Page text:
Mamontov has had a colorful career reporting from conflict zones since the 1990s and was the only Russian reporter allowed on the scene of the efforts to save the doomed crew of the "Kursk" nuclear submarine in August 2000. He was also the journalist behind the notorious "spy-rock" report alleging that British agents had attempted to gather intelligence by placing a large stone rigged with recording equipment on a Russian street. His latest report charges that the United States, having launched a war in Iraq that was ostensibly about democratizing the Middle East but was actually about oil, is engaged in an intricate campaign to snatch Russia's natural resources under a covert effort masked by democratic slogans and rhetoric.
Moreover, Mamontov casts a wide net in his claims concerning who is abetting the CIA's plot. Youth groups, opposition politicians, Russian and international NGOs, "pro-Western" mass media, and others are all depicted in slick graphics as embodying a vertical structure stretching from Langley to the U.S. Embassy in Moscow to the streets of Nizhny Novgorod and other Russian cities. The report specifically mentions the National Endowment for Democracy, the Eurasia Foundation, Freedom House, the Open Society Institute, RFE/RL, and the U.S. Agency for International Development as players in the plot.
Meanwhile, an unsuspecting Russia is depicted with bucolic images of Siberia, scenic flyovers of Orthodox monasteries, and glittering cascades of diamonds from the mines of the Sakha (Yakutia) Republic.
Creating A Climate For Manipulation
But the fact that state-controlled television devoted a plum piece of Sunday evening prime time to this production should not be taken to mean that the Kremlin feels shaken or has lost confidence in its control of the political process. Instead, the authorities are using their iron control over the mass media to create a climate of public opinion and public expectation that will best facilitate their manipulation of the political process over the next six to eight months as Russia elects a new Duma and as the March 2008 presidential succession problem is resolved one way or another.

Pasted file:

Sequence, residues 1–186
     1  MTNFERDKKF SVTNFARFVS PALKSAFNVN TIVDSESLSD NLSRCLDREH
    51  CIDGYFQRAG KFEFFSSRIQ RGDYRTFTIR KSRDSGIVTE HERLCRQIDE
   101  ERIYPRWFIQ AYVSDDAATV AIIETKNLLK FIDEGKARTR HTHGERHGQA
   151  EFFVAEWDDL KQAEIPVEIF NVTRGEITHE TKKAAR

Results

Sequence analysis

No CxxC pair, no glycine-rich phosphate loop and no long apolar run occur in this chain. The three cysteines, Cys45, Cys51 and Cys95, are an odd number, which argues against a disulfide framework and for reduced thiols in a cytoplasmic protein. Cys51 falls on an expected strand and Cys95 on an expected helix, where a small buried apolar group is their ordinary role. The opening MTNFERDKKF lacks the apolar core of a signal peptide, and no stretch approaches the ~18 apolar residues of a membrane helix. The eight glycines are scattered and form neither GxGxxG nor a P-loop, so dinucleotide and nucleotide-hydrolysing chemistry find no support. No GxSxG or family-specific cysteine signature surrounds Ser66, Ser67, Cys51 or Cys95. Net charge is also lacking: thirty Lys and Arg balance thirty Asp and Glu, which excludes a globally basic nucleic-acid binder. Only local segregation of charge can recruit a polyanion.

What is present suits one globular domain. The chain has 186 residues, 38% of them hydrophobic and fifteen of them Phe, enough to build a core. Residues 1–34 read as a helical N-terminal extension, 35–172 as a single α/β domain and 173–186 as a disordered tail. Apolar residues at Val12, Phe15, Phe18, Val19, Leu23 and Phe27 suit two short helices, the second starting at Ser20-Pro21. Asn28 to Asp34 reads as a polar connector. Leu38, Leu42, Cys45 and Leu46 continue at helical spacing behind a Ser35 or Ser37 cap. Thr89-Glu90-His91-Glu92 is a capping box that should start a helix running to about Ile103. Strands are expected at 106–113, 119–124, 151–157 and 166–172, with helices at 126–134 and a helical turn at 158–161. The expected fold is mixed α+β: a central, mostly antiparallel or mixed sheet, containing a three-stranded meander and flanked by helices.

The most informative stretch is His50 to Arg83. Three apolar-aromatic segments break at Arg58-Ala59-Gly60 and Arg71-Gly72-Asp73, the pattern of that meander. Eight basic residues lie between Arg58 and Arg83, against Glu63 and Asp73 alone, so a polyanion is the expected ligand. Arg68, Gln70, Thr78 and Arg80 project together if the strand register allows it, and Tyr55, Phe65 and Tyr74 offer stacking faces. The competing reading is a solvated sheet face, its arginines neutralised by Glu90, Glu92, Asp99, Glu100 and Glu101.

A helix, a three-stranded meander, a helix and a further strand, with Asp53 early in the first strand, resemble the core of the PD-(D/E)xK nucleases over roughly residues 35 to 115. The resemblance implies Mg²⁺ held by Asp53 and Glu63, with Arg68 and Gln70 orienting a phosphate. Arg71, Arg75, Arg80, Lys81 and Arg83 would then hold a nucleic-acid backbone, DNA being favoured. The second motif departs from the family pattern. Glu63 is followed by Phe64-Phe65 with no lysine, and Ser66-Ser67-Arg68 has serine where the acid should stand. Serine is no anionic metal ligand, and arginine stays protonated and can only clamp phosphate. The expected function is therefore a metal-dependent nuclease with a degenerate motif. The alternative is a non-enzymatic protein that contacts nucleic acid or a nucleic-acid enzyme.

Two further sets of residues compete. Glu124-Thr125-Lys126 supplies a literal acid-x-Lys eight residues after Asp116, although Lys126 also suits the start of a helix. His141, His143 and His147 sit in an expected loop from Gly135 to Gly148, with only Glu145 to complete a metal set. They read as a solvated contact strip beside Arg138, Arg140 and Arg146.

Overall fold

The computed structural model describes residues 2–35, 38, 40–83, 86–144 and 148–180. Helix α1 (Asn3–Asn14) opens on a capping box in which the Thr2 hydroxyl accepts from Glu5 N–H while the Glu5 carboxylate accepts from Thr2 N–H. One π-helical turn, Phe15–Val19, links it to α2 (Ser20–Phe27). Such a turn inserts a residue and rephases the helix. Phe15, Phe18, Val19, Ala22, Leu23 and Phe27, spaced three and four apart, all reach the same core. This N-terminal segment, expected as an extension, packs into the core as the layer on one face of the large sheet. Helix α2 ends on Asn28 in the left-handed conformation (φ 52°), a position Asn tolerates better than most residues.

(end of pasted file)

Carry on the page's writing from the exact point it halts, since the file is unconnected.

On a practical level, scare-mongering along the lines of Mamontov's piece creates a climate of receptivity for actions that will almost certainly become necessary on both the local and national levels -- actions such as eliminating candidates and parties from elections, arresting or opening investigations against opposition figures, pressuring or closing down media outlets, cracking down on demonstrations, and other typical machinations of "managed democracy." The scattershot nature of Mamontov's accusations shows that fostering such a climate is a primary goal of the piece.
In fact, Mamontov's piece launches a preemptive justification for police violence against demonstrators by claiming that Western hirelings view being beaten as a badge of courage and therefore provoke police officers, who, after all, are only human and might sometimes exceed their orders.
In addition, media reports such as Mamontov's will likely have a dampening effect on Western criticism of Russian political and civil-society developments. Western governments and bodies like the Organization for Security and Cooperation in Europe will likely tone down their already mild comments in the face of stepped-up accusations of interference in Russian domestic politics. And, if they don't, Russian state media will have a ready-made friendly context in which to place their reports of such criticism.
Strategy Of 'Managed Instability'
On a broader level, however, pieces like "Barkhat.ru" play to a widespread feeling among many Russians that, indeed, the country is surrounded, and even infiltrated, by enemies that seek to destroy it as a country. Mamontov interviews a historian who says the West seeks to prevent Russia from "getting up off its knees" and hints that the United States has sought the dismemberment of Russia for decades.
Similar fears played well during President Vladimir Putin's rise to power in late 1999, when the authorities launched the second war in Chechnya and a series of still-unexplained apartment-building bombings killed scores in Moscow and several provincial cities. Most concerns (both in Russia and abroad) about the prospect of a KGB product taking over the Kremlin were swept aside by the clamor for a strong hand to thwart an existential threat to the country.
In January, political analyst Gleb Pavlovsky wrote that the siloviki -- the products of the state security organs who have come to preeminence under Putin -- might resort to a policy of "managed instability" in a bid to make a third term for Putin more palatable and, even, inevitable.
In short, although the prospect of a velvet revolution in Russia is remote, the Kremlin feels the need to invent the threat of one. Doing so greatly increases its freedom of action and bolsters it mightily against critics at home and abroad.